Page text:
ACCESSING support anonymously can be a barrier for many adults who experienced abuse as children, particularly those living in rural and remote areas of Scotland.
Trauma Counselling Line Scotland or TCLS was established in 2011 and is an unique service – run by Scottish charity, Health in Mind, and funded by the Scottish Government through Survivor Scotland.
Lorraine Sorley is TCLS team leader and she explained that TCLS is believed to be the only case-managed telephone counselling service in Scotland and how each person is allocated their own counsellor, sometimes within days of first making contact.
“When someone is allocated their own counsellor they always speak to the same person which means they never have to repeat information about what has happened to them and because the service is delivered by ‘phone it means location is never a barrier to receiving help,” said Lorraine.
The service is free; sessions are anonymous and totally confidential.
Lorraine continued: “Childhood abuse can include sexual, emotional, physical, psychological, spiritual abuse or neglect with many people never telling anyone what happened to them as a child.
“Anyone using the service will decide what time of day or evening is best for them and as it is telephone counselling, it doesn’t matter where they live and we know from our clients that they choose to speak to their counsellor in a place where they feel safe.”
The counselling team are fully-trained and highly experienced, with male and female counsellors available from a range of ethnic backgrounds. Counselling is also offered in Polish, French and Italian.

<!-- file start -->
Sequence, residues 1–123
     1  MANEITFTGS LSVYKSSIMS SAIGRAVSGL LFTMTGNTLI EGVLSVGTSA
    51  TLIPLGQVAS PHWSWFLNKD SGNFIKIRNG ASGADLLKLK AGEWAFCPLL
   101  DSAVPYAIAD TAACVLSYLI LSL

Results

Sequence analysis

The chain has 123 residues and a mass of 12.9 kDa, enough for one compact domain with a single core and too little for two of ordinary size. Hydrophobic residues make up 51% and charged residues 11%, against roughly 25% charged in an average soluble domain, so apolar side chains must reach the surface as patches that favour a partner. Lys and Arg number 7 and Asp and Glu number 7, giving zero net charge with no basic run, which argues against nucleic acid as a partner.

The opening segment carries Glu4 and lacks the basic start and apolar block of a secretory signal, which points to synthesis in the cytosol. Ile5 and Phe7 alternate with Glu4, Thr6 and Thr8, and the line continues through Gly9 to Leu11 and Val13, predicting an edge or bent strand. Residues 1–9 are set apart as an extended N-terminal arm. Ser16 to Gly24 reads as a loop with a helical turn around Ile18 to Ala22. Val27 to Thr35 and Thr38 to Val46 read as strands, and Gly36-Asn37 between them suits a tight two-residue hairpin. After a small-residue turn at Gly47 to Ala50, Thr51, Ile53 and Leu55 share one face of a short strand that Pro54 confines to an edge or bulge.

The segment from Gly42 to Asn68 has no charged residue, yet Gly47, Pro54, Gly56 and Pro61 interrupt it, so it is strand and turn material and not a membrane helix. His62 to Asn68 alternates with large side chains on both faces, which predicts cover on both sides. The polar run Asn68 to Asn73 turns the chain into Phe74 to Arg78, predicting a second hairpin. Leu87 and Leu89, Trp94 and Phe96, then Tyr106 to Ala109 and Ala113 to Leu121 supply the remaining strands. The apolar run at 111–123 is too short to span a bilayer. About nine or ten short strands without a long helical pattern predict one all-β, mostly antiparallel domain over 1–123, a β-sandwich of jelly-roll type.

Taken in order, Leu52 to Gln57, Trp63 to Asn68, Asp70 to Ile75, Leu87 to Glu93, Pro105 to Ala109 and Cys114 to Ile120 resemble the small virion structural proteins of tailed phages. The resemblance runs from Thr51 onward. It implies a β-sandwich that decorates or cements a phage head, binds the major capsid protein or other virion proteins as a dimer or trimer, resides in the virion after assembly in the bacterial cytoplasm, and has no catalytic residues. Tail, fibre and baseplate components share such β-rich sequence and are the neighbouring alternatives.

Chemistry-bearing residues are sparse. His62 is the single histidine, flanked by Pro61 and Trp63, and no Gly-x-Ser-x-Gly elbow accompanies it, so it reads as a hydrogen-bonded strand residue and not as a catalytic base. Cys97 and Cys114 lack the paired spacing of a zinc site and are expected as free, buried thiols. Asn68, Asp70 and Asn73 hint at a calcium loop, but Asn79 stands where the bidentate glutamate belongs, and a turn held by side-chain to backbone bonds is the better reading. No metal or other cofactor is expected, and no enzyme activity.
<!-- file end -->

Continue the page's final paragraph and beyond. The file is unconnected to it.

“Having access to specialist support means survivors are able to address the issues that have affected their lives and understand how their experience may have prevented them from living the life they want to lead,” continued Lorraine.
Last year, people living in the majority of Scotland’s health board areas used the service.
Calling the Trauma Counselling Line Scotland is free and the number is 08088 020406.
Trauma Counselling Line Scotland; a personal experience
“On making first contact with TLCS, my frequent despair was present, as throughout 20-plus years of poor mental health. I rarely looked unwell, and only more deterioration would bring me to anyone’s attention, having exhausted formal help years earlier.
“I was reluctant to seek new help, as it had previously felt poorly matched or even harmful at times.
“Trauma-line helpers acknowledged the sense of my being in permanent crisis. Something not recognised before, so a great relief in speaking to someone who ‘got’ the complex effects of multiple trauma.
“The despair (and risk of completed suicide) subsided a little from knowing regular help would arrive soon. Communication from TLCS was very clear about arrangements.
“Working with a TCLS counsellor, I felt safe, and my impression was of great skill, knowledge and experience; also a sense of them personally giving their all to help, and of genuine communication and connection.
“We shared light-hearted moments, amidst all the difficult work. There was nothing fixed, rigid, or formulaic, but rather a relationship that felt like counselling, parenting, and mentoring at different times – a real contrast to previous help, which felt formal, distant, or medicalised.
“I know I was difficult to work with at times; highly-motivated and driven, but unfocused and scattered in the experience of self. For a while, my counsellor followed the confusion and chaos, got to know it, then introduced new perspectives, ideas and guidance.
“Together, we constantly reviewed our position, as more of the complex trauma emerged.
“Many parts of a confusing experience have improved. Words can’t convey the changes in one’s experience of self. But I feel more present in the world, more connected to other people, developed more pride and self-compassion, and have some valuable insights.
“Perhaps, overall, a less severe experience of depression is the most noticeable result.
“Assimilating the benefits of counselling is not instantaneous but I now have a better view of what is possible. The work will continue privately at some point in future, and I now have a template of what can be helpful for me.
“Thank you to my counsellor and TLCS for making all of this possible.”
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